E. Hertzsprung and H. Norris Russell studied the relation between the absolute magnitude (or luminosity) and spectral types (or surface temperature) of stars. The diagram showing these two variables is known as HR diagram. This HR diagram represents a major step towards an understanding of stellar evolution.
Stars in the stable phases of hydrogen burning lie along the main sequence according to their mass. The mass and population of star decreases from type O to type M. The sun is situated about the middle of the main sequence. After a star (lower masses) uses up all the hydrogen in its core, it leaves the main sequence and moves towards the red giant branch. The massive stars becomes red/blue supergiant (upper right corner of the HR diagram) as it exhausts hydrogen burning at the core. The lower left corner is reserved for the white dwarfs.
The spectral class constitutes a temperature sequence, hot O star on the left and cool M star on the right. The statistical distribution of data on HR diagram demonstrates that stars fainter than the sun are far more numerous than those brighter than the Sun. In general about 90% stars are main sequence stars, about 9% are white dwarfs and about 1% are red giant or supergiants.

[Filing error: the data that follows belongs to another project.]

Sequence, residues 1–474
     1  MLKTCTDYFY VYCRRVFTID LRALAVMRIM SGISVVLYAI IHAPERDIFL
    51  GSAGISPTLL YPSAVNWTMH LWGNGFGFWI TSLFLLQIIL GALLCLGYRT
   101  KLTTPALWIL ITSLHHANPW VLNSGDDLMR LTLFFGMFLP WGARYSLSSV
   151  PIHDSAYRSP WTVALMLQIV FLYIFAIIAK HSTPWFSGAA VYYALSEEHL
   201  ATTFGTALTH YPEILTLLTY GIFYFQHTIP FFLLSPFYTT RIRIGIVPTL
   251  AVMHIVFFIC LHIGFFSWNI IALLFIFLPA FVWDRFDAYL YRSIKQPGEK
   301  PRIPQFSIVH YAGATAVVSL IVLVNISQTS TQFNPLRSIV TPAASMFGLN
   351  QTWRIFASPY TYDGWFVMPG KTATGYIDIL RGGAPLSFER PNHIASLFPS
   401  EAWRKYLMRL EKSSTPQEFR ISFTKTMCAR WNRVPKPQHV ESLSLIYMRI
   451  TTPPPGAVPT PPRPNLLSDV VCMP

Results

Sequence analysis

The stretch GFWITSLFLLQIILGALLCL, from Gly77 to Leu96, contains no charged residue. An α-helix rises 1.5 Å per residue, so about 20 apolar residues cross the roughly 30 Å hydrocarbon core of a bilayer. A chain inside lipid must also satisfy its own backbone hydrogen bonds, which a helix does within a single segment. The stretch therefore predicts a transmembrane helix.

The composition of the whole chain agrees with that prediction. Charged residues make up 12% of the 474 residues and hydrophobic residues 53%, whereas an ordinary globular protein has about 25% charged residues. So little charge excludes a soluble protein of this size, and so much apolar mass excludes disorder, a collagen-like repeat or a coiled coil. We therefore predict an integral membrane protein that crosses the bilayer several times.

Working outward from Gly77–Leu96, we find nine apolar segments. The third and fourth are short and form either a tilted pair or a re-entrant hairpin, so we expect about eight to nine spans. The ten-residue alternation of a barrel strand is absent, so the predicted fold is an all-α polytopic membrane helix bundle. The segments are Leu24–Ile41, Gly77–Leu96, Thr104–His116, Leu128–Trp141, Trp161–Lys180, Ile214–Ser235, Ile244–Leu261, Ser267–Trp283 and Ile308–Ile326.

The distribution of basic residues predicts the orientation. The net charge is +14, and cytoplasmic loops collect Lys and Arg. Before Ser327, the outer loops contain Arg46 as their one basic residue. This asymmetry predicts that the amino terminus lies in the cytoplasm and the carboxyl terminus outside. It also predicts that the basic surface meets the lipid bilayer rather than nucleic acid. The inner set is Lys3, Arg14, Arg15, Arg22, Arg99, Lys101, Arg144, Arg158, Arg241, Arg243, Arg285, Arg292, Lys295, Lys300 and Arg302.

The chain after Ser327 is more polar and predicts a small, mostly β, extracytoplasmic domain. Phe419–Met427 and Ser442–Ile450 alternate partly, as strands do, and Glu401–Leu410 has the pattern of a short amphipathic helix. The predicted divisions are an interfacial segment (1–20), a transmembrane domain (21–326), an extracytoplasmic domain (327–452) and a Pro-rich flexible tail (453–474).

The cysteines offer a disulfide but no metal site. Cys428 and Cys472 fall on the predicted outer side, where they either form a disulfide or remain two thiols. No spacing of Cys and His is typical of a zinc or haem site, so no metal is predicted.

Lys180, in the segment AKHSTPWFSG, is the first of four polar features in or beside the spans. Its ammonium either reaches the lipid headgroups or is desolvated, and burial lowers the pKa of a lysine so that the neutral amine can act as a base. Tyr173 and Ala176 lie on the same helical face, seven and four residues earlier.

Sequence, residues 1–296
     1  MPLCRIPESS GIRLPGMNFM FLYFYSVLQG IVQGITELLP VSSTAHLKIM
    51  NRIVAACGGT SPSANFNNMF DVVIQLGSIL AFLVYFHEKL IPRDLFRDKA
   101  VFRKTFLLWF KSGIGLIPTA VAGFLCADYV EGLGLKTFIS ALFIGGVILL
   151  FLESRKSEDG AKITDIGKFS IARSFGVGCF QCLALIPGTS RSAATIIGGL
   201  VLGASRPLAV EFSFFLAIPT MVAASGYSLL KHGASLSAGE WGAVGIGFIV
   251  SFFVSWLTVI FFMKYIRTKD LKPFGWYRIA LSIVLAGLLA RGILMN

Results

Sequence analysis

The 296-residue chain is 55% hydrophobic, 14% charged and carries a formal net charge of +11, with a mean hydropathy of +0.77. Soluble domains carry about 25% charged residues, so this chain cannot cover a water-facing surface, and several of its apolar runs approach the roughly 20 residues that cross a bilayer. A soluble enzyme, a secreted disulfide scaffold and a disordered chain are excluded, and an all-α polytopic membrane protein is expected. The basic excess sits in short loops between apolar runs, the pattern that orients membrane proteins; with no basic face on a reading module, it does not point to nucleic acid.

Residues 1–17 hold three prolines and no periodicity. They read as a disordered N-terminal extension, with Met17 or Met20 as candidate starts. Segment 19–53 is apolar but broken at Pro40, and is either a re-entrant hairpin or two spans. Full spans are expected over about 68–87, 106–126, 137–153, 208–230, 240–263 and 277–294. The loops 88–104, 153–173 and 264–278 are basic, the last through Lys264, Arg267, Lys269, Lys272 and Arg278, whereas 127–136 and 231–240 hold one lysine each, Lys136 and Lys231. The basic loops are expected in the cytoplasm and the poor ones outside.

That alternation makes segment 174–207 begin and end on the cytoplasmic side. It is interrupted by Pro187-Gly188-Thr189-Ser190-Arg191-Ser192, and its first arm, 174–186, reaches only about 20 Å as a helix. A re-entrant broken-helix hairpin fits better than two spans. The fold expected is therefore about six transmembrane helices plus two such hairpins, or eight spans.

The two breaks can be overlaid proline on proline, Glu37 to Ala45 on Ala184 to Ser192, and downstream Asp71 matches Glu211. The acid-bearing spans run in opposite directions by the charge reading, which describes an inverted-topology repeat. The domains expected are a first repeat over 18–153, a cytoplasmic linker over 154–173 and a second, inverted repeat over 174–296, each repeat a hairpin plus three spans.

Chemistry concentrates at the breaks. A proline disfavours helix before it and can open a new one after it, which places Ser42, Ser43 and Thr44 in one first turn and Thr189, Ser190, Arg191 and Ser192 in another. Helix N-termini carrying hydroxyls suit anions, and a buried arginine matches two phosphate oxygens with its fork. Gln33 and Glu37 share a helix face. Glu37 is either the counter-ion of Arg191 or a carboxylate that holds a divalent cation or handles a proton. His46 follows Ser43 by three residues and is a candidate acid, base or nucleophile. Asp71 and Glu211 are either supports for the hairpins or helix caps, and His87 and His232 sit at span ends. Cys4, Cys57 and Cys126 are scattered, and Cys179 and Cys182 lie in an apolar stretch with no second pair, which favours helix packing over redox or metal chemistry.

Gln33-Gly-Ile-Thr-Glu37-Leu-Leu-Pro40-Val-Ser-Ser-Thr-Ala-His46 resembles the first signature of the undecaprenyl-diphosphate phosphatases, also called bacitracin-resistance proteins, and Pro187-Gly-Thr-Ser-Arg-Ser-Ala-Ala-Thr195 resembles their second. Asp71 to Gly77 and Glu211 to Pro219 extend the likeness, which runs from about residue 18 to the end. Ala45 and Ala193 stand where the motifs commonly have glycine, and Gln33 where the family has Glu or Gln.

As a star consumes hydrogen it gradually becomes cooler. When the hydrogen supply is exhausted, the star core contracts, its atmosphere expands, and it becomes a red giant or supergiant. It evolves off the main sequence at a point called the turnoff point. At it burns the hydrogen in the shell, it is on the red giant branch. If it is massive enough, the temperature of the collapsing core can become hot enough for helium burning to start. When a star is burning helium in its core, it is a horizontal branch star. The asymptotic giant branch stars possesses both hydrogen and helium shell burning.